Along the way, I picked up photography as a way to channel what I missed since I quit drawing. I was already writing for several magazines, and my photography work lent itself to the same model. I love color, and I love story, and magazine work was/is a good way to work in this industry.

JSP Q: One of the popular features on your blog is called “Field Lighting.” Explain this feature. What is your theory about the use of off-camera lighting?
A:
The Field Lighting series originated as a way for me to continue offering lighting information outside my classroom, and it’s purposed with outlining editorial assignment work from a lighting point of view. There are quite a few blogs and resources out there focused on lighting, especially Strobist-style light work, and to that extent, mine’s not all that different. However, the main goal of this series is to explain using light in a way that compliments story.

I’m a working photographer, and I always appreciate information about lighting technique. If you’re open enough about lighting, what you see implemented in one place under a given context can be translated to your own experiences and environments. With Field Lighting, I want to complement the energy everyone in the industry (amateur or working professional) has for lighting, and integrate story into the mix. This is the reason we’re on assignment in the first place, right?! At one point or another, we’ve all been a slave to the technology and lighting styles of the day. Hopefully this series helps those in search of story use their lights, instead of the other way around.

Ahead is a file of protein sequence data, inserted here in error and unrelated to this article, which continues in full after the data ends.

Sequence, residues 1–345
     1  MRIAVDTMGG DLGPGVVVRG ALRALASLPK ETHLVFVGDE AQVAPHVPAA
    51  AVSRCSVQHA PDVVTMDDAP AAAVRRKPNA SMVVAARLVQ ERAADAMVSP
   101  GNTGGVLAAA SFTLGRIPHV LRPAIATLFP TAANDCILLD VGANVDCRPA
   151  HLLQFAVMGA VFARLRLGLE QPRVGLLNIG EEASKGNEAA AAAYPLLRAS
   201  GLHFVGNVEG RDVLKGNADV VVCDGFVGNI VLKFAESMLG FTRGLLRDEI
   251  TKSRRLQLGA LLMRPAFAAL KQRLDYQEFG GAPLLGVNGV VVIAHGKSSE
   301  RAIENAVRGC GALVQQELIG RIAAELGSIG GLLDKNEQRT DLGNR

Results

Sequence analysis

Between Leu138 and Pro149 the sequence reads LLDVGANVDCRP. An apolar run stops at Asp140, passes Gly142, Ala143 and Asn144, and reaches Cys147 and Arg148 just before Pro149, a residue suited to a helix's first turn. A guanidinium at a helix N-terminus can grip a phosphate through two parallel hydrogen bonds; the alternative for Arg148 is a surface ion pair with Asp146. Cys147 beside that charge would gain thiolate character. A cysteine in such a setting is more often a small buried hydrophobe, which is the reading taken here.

Sometimes the posts are more technical that others, but since all are either made on assignment, for stock, or for the purpose of this series, each post is centered on story, and why we use light to aid in the telling of that story. Of course, my own shooting style shows through: my desire to use one artificial light in conjunction with natural light, as well as the optimal use of that natural light!

JSP Q: One of my favorite multimedia pieces of yours is called “Thowin’ Hay.” Tell me about that shoot, and putting that piece together.
A:
“Throwin’ Hay” was actually just shot on a whim one day a couple summers ago. I grew up on a cattle ranch, besides our own hay crop, the surrounding rural area includes quite a bit of land put solely into hay production. My brother, Seth, owns a hay-hauling business, and picks up and delivers thousands of 60-plus pound bales of hay a season. While my wife and I were back home over a summer weekend, Seth (the fellow with long hair and muscles) headed out to haul a few hundred bales with his friend, Jacob (also with muscles). I tug along with two cameras, three lenses, an audio recorder, and a much-needed bottle of Gatorade. I also served as the driver, which actually allowed me to do what I set out to do in the first place.